The next day, I found out that there was no mention of Xiaobo’s death in the Chinese media. The Chinese Internet had been scrubbed clean of any grassroots attempt to memorialize him. The word “candle” was banned from social media postings, and the candle emojis taken down from apps and blogs. His name, initials, even the names of foreign men whom Xiaobo was once compared to but had otherwise no relations were, banned from search results. I had a pounding headache. In my sorry state, I called a Chinese friend and invited him to attend a vigil for Liu Xiaobo that night. The conversation didn’t go well. I heard him asking me why it mattered so much to me, to us. I lost it. Like an idiot, I yelled on the phone that it mattered because we, the younger generation of Chinese, no longer care about the truth of our history or the future of our country — we were dazzled by the materialism and commercial society China has come to represent and we were acquiescent on the censorship and oppression. It mattered because a Chinese person is “unpatriotic” and a “traitor” as soon as he has a different opinion from one political party, and somewhere along the line we’ve completely lost the wisdom and spirits of our May Fourth thinkers. It mattered because we’ve been living in fear for too long. That fear follows us wherever we go — even a passport or nationality change will not stop it from inflicting on our minds and forcing us to toe the line. That fear hisses in our ears, “my dear, not even death would do us apart, as I’ll make sure you pass on our bond to your offspring.” “Is this the way of living a dignified life?” I yelled again. My friend mumbled a few words of sympathy and hung up. Wise guy.

That evening, I stood with a few dozen mourners – the vast majority from my parents’ generation — at a candlelit vigil for Liu Xiaobo. As dawn descended on us, we paid tribute to Xiaobo in front of a banner depicting the now iconic “empty chair”. Tears obscured our vision, but I had a precious moment of clarity. Merely a month ago, I had stood at a breathtakingly futuristic intersection in downtown Shanghai, wondering aloud why I had to live a self-exiling life in a foreign land. “To tell stories of unsung heroes like Liu Xiaobo,” I heard a firm voice in my head. “To keep records of truth so that we will never forget.”  


Here’s a list of further readings about the life and legacy of Liu Xiaobo:

Hersh Wolch, Canada's Greatest Trial Lawyer, Dies

Hersh Wolch died earlier this week in Calgary. He was 77.

While it’s likely that you have never heard of Wolch, you may be familiar with the likes of David Milgaard, Steven Truscott, or the number of  other individuals that Wolch worked to release from prison after their wrongful convictions.  

Wolch was a lawyer — a criminal defence lawyer who built a niche around representing the wrongfully convicted. Widely considered Canada’s best trial lawyer, Wolch was revered among lawyers for his skill, tenacity, and approachability.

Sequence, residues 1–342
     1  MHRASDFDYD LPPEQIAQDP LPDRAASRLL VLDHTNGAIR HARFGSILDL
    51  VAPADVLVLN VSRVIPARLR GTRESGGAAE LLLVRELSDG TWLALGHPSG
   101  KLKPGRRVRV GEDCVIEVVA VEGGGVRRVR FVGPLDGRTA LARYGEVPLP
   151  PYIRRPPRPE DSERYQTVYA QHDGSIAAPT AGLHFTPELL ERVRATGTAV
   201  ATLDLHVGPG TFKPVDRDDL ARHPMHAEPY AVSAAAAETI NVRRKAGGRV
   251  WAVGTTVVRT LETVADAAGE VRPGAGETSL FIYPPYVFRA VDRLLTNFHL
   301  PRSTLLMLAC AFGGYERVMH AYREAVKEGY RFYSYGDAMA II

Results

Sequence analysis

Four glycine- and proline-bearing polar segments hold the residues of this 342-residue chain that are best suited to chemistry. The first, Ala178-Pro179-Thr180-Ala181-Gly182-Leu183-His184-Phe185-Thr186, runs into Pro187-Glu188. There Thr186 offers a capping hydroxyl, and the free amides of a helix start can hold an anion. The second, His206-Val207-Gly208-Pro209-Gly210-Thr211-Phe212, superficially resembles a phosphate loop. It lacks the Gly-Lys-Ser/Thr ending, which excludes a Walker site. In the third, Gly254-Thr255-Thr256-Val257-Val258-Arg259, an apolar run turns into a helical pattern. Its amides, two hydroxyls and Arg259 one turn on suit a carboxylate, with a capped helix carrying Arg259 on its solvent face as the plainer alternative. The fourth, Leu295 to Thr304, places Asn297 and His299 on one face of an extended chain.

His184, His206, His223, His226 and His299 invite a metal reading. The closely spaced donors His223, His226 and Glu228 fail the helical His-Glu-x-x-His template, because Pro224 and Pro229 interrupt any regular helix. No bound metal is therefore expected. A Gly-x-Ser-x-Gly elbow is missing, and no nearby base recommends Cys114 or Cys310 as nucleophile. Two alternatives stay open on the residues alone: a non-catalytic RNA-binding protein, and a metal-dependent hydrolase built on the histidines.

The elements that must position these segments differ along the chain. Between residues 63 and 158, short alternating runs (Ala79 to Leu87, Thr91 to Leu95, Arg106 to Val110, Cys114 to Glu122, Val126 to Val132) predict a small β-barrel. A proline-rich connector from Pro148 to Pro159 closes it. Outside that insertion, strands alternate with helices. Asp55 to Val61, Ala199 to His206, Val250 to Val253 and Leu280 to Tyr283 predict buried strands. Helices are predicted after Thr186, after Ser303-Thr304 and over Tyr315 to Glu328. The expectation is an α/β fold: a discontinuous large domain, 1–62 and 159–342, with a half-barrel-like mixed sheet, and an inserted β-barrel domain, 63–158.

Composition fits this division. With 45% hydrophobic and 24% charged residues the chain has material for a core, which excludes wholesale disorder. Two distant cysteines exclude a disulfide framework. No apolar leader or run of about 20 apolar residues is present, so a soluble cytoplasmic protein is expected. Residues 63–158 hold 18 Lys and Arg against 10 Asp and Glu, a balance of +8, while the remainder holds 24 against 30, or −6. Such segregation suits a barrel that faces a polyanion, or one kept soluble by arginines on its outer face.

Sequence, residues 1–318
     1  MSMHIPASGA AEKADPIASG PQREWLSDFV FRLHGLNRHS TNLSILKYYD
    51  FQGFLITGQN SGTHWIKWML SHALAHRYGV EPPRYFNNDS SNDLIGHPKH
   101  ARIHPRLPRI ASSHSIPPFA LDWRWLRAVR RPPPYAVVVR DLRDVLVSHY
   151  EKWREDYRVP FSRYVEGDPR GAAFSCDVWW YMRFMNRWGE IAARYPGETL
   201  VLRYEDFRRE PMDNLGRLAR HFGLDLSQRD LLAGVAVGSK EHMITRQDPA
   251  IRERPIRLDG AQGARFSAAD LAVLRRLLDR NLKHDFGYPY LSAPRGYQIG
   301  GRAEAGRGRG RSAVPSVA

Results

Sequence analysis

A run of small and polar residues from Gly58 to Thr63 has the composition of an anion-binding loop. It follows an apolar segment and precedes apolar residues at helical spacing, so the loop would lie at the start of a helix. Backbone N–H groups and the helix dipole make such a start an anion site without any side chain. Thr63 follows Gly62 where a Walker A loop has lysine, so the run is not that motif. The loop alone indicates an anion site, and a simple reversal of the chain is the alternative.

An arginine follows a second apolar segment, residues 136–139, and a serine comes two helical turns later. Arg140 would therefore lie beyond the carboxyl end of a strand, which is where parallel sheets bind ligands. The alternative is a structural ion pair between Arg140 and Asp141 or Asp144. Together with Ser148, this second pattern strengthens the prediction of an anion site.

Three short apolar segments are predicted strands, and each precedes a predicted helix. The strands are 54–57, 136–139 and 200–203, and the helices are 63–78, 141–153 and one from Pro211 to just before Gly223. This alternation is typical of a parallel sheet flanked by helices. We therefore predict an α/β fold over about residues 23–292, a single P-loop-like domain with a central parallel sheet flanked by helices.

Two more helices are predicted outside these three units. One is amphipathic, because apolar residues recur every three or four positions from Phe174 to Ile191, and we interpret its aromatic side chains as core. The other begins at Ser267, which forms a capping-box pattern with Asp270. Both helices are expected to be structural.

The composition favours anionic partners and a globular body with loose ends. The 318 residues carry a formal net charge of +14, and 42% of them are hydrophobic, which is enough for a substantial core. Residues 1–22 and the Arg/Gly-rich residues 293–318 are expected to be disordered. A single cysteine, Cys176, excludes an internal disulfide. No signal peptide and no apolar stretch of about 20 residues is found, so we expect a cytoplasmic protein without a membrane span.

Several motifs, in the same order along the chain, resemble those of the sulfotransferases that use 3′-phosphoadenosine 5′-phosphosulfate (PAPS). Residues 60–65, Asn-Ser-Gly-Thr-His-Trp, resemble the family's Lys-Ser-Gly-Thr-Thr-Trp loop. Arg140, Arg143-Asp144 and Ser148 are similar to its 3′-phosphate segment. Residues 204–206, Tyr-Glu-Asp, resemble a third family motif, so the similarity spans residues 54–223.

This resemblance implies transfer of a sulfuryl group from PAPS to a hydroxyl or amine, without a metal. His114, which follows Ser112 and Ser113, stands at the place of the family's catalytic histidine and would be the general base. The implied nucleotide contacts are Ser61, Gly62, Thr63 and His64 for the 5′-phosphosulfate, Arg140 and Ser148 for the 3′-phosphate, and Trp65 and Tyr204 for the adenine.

Wolch is one of the only lawyers to have ever cross-examined witnesses before the Supreme Court of Canada (this is exceedingly rare, since it is an appeal court and does not hear evidence or testimony directly).  And, not only did Wolch cross-examine witnesses before the Supreme Court of Canada, he gave one of the greatest cross-examinations ever recorded in Canada.

Wolch was hired by Milgaard to help overturn his wrongful conviction for a rape and murder he did not commit. At the time, Milgaard had served 23 years in prison, and Wolch elected to cross-examine Larry Fisher, another suspect in the case. Wolch put on a masterful show, incrementally establishing that Milgaard could not have been the person responsible and that Fisher was in fact the only person capable of committing the crime. A transcript of the cross-examination can be found here (starts at page 2440, with the second portion of the transcript here), and regardless if you have legal training or not, it’s a remarkable read. The cross-examination led to Milgaard’s release, and a few years later, Fisher would be convicted for the same crimes due to DNA evidence linking him to the crime scene.

I met Wolch once. He had been awarded a public interest law award from a bar association for his work for the wrongfully accused and the expansion of Charter rights (although Wolch was one of the stars of the night, he looked out of place, even bored; you got a sense that these sorts of events didn’t  do much for Wolch). At the end, I approached him to discuss his career and seek advice, and Wolch was more than happy to speak. I asked him about his greatest achievement as a lawyer, and he paused for a bit, and answered that a few months back, he went to see a movie with Milgaard. Sitting in a movie theatre to watch a film with a man that had been wrongfully imprisoned for over two decades was a surreal experience for Wolch, and brought home why he did this work: to give the likes of Milgaard, Truscott, and others the freedoms we take for granted.